There's a built-in contradiction for bands that want to sound contemporary while working in the classic rock genre. As in, how do you update something that's somewhat hide-bound and potentially cliched?
Bands like Kings of Leon and Wolfmother have addressed the issue in various ways and mostly successfully.
The answer for Grace Potter and the Nocturnals is to do it with a high degree of unsentimental panache that is neither self-conscious nor contrived. That it works makes this Vermont band's fourth release an intriguingly modern throwback.
Kicking off with a riff that's aimed directly below-the-belt with frank lyrics about sex from a distinctively female point of view on "Paris (Ooh La La)," the disc sounds firmly rooted in a more earthy time. "Medicine" and "Only Love" match the throwback vibe.
But there's also the pop-ska of "Goodbye Kiss" that sounds like No Doubt on steroids and the balladry of "Colors" that was influenced by Barack Obama's nomination, setting the release firmly in 2010.
It's difficult to see where Grace Potter and the Nocturnals fit into the current music scene, but the band has the looks and chops to cut its own path. There ought to be a home on radio for "Paris (Ooh La La)." Surely there would've been in 1978.
- ROD LOCKWOOD
If one measure of great music is its timeless quality, then Sergio Mendes has a secure place in history.
The Brazilian bossa nova-jazz-funk-samba master of more than 35 albums is back with two more, both of which modernize the airy, free-flowing sounds that brought him to international prominence with his Latin band, Brazil 66, more than 40 years ago.
"Bom Tempo," a Portugese phrase for "Good Time," has a more traditional sound that borrows from the songbooks of several great Brazilian composers, such as Antonio Carlos Jobim and Gilberto Gil, while creating a florid, vividly bright and colorful musical tapestry. It's not perfect, but it's sure to lift people out of their doldrums and serve as a great fit for summer escapism, a sunny South American party in a bottle. Included is a fine new rendition of a Stevie Wonder pop song, "The Real Thing," originally written for Mendes in 1977.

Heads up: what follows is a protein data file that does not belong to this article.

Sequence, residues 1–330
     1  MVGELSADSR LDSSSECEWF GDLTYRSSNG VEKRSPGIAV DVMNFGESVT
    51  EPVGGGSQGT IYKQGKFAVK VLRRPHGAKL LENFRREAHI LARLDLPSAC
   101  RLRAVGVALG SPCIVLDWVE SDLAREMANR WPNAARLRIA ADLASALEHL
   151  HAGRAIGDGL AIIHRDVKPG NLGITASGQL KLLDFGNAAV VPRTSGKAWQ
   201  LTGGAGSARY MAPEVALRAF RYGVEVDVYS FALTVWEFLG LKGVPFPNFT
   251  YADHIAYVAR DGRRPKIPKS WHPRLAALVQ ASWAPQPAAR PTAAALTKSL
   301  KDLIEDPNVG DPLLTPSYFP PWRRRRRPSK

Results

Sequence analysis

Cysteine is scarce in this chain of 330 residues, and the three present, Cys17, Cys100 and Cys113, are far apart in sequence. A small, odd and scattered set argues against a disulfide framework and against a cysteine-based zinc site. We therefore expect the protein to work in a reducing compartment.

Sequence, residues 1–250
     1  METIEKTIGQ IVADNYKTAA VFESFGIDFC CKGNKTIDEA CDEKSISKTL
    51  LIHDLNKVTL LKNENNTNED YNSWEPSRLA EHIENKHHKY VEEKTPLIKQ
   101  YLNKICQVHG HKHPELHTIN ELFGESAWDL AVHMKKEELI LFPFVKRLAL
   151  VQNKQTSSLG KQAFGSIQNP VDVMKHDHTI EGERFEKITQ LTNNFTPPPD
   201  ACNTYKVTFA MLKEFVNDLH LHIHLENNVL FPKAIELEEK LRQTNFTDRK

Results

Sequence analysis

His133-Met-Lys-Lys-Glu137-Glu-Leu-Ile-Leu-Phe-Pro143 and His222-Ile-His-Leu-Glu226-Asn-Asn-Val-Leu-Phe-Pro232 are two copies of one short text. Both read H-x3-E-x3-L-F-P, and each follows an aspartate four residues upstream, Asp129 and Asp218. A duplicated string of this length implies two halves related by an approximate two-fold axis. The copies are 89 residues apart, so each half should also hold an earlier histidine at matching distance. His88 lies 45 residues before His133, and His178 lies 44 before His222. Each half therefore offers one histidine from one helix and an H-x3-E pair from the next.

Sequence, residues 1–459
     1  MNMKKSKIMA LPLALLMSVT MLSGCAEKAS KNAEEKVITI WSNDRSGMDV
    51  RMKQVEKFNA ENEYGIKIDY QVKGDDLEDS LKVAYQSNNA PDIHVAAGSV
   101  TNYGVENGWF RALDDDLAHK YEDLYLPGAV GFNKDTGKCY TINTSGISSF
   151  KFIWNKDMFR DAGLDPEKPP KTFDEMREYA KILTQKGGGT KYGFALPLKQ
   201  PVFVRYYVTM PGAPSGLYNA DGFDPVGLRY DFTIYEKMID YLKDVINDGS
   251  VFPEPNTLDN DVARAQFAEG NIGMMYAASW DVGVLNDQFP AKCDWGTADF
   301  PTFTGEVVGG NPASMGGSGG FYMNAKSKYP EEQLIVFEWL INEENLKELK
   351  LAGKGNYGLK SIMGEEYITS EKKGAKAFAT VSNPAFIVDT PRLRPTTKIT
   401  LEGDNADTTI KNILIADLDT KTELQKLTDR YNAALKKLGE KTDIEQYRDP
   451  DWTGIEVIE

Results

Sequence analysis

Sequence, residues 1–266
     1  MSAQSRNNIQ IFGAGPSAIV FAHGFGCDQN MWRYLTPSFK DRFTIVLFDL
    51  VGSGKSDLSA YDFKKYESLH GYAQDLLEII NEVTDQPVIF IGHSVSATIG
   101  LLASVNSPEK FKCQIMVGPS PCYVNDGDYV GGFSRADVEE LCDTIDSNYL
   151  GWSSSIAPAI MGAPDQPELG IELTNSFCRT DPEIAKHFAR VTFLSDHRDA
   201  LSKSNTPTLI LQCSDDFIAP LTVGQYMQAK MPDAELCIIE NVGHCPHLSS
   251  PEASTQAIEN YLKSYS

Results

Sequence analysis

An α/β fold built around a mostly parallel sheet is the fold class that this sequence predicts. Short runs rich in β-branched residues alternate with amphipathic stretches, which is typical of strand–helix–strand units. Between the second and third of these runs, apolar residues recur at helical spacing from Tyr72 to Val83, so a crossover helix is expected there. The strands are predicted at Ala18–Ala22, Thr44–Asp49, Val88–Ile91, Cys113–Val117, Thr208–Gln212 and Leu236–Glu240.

"Bom Tempo Brasil Remixed" is perhaps a more risky and ambitious album, though not as intriguing. It overlays music that is already multifaceted with excessive, seemingly endless layers of electronica dance, hip-hop, soul, and funk, a redundant and heavy-handed effort.
It has obvious influence and involvement from British album producer and famed DJ Paul Oakenfold, plus others. Unless you're someone who endlessly twirls under the dance floor lights of an exclusive nightclub, you might find it too much of a head-spinner.
In her debut on Mercury, singer-songwriter Bundy offers something a little different as she aims to show two separate sides to her considerable talents. This unusual gimmick, a single release that is essentially two distinctly different albums, is a remarkable success.
Each segment of six songs concentrates on a single arena. The first features slow country ballads with emphasis on Bundy's sultry side. Her voice is suited perfectly to the music that emphasizes dreamy emotions with no-nonsense lyrics.
Next, six more numbers stoke the barroom flames in a tasty collection of uptempo kickers with fiery backbeats and sizzling melodies. Instrumental work is lively and always interesting.
Bundy shows a solid, sassy side on the second grouping, very unlike the first six. That, of course, is the album's intent, and she is certainly up to the task. She wrote or co-wrote 11 of the songs.
- KEN ROSENBAUM
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